Guild Wars 2: Path of Fire™ was released a little over week ago, and since then…
5. The World of Tyria is Your Oyster (Guild Wars 2) – Part 5
PLEASE NOTE: SOME OF THE LINKS BELOW MIGHT CONTAIN SPOILERS.
The final part of our 5 part PvE Journey through Tyria. Last time (Read Part 4 Here) we talked about scaling and multiplayer versus solo play. This time we’re going into detail on the last customization category as far as character development goes, the crafting professions.
There are eight different crafting professions to choose from, all of which your character can sample. However, only two can be active at a time. This is great for those players that want to be able to do EVERYTHING with their main character, but more likely you’ll end up with characters specialized for the different crafting areas.
The crafting professions are as follows:
- Armorsmith (Heavy armor)
- Artificer (Magical weapons)
- Chef (Food… obviously)
- Huntsman (Projectile weapons and offhand utility items)
- Jeweler (uh… jewelry)
- Leatherworker (Medium armor)
- Tailor (Light armor)
- Weaponsmith (Melee weapons and shields).
They all go up to level 400 and have tons of recipes to discover, using dozens of ingredients collected from all over Tyria.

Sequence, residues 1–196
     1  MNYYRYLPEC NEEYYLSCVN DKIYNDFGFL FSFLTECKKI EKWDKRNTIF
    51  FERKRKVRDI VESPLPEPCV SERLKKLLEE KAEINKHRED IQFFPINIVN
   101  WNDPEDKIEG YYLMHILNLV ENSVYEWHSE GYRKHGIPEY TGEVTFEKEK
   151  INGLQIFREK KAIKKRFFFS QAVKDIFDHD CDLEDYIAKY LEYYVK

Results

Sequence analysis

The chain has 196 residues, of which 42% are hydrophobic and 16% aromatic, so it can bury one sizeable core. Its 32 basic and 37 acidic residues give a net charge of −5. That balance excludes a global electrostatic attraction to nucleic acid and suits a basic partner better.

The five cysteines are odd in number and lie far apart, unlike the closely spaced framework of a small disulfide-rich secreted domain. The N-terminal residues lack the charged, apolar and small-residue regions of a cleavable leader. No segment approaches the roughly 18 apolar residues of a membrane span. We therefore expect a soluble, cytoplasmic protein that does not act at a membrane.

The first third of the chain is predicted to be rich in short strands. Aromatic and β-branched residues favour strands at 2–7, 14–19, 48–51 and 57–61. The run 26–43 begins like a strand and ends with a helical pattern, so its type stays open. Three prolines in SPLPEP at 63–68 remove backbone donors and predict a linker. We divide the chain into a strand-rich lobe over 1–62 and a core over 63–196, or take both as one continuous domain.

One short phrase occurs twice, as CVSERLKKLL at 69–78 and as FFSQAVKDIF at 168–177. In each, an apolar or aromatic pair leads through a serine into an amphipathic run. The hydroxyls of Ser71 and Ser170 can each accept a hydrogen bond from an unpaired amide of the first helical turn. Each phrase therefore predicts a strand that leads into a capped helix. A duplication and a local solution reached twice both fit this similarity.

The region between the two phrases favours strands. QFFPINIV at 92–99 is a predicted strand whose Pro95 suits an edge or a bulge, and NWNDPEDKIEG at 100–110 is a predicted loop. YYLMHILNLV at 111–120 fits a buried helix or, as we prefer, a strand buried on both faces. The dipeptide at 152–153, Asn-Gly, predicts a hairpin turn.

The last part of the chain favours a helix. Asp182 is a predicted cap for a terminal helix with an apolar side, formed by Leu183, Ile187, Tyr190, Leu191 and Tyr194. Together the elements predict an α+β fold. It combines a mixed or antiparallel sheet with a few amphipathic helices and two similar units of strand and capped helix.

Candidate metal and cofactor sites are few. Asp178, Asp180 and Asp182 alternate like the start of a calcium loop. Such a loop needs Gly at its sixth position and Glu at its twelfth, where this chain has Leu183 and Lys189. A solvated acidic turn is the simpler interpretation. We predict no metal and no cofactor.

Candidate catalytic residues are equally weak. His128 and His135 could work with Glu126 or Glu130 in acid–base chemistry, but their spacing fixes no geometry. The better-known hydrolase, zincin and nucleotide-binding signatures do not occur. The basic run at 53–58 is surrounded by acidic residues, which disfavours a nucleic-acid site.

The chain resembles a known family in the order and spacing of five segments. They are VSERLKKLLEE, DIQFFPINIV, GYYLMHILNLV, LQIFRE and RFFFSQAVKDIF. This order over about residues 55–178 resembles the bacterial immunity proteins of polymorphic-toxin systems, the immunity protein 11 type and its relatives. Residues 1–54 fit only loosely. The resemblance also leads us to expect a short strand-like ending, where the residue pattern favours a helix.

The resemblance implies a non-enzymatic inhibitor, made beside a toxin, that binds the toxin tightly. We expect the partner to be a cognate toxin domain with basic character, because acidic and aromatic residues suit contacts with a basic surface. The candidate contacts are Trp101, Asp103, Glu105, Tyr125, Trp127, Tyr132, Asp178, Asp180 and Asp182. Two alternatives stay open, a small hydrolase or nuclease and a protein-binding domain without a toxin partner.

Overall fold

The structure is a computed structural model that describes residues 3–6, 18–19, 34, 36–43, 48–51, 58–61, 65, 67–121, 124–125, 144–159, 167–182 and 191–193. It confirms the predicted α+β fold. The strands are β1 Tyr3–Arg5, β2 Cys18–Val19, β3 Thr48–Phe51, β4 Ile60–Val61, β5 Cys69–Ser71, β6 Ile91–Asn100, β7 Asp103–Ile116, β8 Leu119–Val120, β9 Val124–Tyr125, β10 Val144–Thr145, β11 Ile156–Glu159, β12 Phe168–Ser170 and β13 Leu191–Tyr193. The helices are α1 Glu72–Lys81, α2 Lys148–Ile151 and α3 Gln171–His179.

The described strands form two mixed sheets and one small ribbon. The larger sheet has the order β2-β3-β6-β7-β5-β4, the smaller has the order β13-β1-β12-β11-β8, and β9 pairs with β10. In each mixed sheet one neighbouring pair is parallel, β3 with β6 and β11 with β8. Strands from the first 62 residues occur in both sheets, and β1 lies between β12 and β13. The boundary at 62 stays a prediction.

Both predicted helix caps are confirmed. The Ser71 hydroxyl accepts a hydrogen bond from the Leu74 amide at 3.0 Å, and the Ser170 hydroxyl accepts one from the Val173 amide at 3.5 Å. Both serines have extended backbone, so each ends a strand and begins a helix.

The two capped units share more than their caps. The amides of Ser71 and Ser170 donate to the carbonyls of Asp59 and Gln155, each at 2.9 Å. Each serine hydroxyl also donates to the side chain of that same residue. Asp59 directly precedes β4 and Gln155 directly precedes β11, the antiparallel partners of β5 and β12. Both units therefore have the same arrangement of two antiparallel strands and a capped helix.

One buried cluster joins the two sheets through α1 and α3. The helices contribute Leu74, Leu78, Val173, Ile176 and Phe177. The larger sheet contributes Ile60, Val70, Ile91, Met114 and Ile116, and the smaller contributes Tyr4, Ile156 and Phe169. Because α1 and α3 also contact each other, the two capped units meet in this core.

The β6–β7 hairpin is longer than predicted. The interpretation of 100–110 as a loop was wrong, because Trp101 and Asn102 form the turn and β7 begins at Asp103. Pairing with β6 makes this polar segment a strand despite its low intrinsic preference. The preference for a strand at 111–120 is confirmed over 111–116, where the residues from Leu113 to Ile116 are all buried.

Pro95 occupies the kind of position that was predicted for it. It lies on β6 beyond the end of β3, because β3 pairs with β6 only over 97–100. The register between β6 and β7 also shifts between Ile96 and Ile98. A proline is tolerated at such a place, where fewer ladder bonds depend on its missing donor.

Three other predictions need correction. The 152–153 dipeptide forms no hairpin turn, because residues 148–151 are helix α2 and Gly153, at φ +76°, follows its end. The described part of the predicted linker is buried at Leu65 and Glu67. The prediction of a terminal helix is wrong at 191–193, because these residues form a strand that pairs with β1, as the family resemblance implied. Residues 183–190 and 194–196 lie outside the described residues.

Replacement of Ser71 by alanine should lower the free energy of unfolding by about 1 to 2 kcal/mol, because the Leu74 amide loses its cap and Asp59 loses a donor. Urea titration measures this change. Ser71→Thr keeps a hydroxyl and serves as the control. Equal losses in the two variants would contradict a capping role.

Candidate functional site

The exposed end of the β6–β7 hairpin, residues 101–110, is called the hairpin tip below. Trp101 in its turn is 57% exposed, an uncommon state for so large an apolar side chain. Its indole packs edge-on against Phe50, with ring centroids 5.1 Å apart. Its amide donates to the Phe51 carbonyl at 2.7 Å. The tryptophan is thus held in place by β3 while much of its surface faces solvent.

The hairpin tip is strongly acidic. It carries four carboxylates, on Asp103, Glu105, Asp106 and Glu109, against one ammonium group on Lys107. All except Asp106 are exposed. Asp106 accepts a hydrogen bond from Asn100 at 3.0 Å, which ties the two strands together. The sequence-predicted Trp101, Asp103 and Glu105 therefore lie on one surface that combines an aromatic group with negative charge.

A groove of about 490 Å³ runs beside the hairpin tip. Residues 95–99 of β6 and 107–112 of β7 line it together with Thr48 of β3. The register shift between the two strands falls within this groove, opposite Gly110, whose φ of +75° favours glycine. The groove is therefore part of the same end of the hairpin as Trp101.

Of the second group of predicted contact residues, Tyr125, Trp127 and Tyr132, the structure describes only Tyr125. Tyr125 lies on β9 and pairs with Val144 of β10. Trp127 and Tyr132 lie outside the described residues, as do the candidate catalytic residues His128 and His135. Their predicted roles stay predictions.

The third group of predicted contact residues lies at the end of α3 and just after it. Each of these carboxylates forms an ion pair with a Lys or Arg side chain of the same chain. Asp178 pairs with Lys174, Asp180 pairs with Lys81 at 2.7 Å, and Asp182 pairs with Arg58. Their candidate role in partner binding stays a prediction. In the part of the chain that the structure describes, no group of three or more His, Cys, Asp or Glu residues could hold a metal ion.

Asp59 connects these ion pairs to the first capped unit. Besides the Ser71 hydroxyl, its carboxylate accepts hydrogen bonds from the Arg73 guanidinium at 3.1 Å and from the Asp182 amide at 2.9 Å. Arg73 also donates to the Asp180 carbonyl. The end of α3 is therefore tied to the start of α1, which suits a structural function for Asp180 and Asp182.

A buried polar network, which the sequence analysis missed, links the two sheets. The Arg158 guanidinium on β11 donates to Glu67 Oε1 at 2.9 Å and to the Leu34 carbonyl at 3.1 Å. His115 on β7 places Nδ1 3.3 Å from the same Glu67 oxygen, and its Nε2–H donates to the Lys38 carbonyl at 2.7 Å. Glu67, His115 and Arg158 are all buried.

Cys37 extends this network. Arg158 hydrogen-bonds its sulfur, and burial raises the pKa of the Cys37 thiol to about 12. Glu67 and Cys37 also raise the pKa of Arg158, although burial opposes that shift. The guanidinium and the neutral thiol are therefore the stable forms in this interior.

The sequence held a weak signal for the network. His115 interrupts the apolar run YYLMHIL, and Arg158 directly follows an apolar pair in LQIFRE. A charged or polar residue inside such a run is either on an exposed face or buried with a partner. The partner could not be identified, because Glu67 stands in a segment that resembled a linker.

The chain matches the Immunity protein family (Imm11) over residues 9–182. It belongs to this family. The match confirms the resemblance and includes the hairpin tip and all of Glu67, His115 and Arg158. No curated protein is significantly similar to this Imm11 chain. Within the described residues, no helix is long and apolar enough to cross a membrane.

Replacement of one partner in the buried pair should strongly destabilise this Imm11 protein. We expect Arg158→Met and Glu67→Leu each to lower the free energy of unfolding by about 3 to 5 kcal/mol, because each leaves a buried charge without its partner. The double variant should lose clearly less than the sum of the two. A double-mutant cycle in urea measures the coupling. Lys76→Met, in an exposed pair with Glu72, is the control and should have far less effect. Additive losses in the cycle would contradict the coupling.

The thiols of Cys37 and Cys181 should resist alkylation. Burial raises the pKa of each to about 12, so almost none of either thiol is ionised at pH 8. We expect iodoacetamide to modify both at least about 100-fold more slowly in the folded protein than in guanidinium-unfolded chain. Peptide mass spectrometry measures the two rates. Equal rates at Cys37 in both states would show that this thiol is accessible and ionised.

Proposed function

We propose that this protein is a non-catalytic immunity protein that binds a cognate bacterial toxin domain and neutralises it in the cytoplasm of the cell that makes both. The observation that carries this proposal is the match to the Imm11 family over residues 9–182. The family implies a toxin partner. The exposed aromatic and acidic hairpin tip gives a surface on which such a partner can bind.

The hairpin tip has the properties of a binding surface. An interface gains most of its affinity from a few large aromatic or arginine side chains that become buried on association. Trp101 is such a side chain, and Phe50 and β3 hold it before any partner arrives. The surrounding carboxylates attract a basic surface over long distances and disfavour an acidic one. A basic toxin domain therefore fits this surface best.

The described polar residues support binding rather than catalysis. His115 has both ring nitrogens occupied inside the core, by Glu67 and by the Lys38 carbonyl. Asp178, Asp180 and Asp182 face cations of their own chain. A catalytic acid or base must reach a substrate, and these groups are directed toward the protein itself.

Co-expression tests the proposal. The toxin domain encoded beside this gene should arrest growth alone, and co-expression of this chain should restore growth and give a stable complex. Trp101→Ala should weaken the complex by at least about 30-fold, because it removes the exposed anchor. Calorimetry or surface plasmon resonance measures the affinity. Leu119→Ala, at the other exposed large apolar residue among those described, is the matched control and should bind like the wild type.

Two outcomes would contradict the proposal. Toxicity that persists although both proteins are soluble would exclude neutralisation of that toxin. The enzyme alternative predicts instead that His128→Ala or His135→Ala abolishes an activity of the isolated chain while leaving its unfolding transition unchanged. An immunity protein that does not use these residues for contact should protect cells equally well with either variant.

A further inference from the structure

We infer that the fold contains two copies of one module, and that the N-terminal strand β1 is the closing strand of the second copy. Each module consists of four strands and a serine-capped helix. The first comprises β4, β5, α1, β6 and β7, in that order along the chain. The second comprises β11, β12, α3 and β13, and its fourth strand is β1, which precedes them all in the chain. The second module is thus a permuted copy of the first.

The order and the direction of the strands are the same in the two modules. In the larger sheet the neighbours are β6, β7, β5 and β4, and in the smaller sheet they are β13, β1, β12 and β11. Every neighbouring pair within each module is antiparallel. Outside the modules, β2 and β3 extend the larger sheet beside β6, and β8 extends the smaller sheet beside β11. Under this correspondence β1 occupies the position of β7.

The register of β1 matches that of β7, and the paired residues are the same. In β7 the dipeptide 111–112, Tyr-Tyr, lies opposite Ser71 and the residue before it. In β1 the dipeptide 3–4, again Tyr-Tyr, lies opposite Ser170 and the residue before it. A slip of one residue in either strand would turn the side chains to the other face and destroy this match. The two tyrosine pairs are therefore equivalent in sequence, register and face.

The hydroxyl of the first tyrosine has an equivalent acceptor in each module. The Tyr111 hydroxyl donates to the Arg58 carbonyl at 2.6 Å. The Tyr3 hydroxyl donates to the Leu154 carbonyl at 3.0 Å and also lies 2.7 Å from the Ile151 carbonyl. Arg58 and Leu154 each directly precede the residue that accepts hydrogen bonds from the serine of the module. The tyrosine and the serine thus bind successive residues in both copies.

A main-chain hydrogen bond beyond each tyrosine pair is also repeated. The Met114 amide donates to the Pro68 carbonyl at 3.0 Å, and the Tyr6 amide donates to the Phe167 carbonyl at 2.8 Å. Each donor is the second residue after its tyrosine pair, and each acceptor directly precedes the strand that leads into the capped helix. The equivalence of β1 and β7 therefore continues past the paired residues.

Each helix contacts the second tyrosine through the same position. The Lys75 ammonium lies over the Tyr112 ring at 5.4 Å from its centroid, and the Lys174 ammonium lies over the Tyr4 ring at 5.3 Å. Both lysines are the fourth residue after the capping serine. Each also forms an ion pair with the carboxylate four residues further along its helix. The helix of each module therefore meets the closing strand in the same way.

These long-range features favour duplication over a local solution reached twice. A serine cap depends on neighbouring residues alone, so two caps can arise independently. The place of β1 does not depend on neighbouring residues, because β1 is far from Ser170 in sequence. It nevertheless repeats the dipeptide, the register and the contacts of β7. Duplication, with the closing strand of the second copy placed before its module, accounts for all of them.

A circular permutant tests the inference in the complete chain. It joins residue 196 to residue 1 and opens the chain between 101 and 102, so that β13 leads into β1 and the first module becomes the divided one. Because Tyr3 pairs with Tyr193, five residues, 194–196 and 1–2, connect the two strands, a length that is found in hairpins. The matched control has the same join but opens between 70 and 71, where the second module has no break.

Some recipes are known automatically, to give you a jumping off point in the craft, but some can only be discovered by trial and error on the crafting discovery pane. This discovery pane has gone through a number of changes since the game started, and now instantly accesses the collection in your inventory as well as any crafting items stored in your bank. (It’s a great added feature, as it’s not dependent on your inventory space available.)
You can also discover recipes using the mystic forge. And for those karma spenders, there are a few cultural recipes that can only be purchased from select NPC karma venders, so keep an eye out for them.
One of the biggest benefits I’ve found is that the crafting stations allow bank access for your characters. This makes it MUCH easier to get to your bank, and has come in quite handy when you’re out in the world as well, as there are a few areas that have crafting stations in the wild.
Another benefit is the experience. Crafting and discovering recipes gives your character experience, depending on the level of the character and the level of the recipe. It’s a great way to get a little boost now and again, or to take a nice break from killing monsters.
Overall, Guild Wars 2 is a solid game, with a few bumps to smooth out. I could go on about the bugs that still exist, or the features still needing tweaked, but like every MMO, those will sort themselves out over time. The game is definitely worth the money, and will give you hours and hours of quality entertainment.
Coming Soon …
Thank you for taking the time to read our extended review on Guild Wars 2. In the next couple of weeks, we are hoping to have a more detailed look into the Player Versus Player (PvP) and the World versus World (WvW) section of Guild Wars 2.